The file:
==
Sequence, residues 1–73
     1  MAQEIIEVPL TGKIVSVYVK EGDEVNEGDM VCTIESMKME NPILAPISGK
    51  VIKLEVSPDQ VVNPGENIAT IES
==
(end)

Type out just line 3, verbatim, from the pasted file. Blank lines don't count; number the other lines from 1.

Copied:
    51  VIKLEVSPDQ VVNPGENIAT IES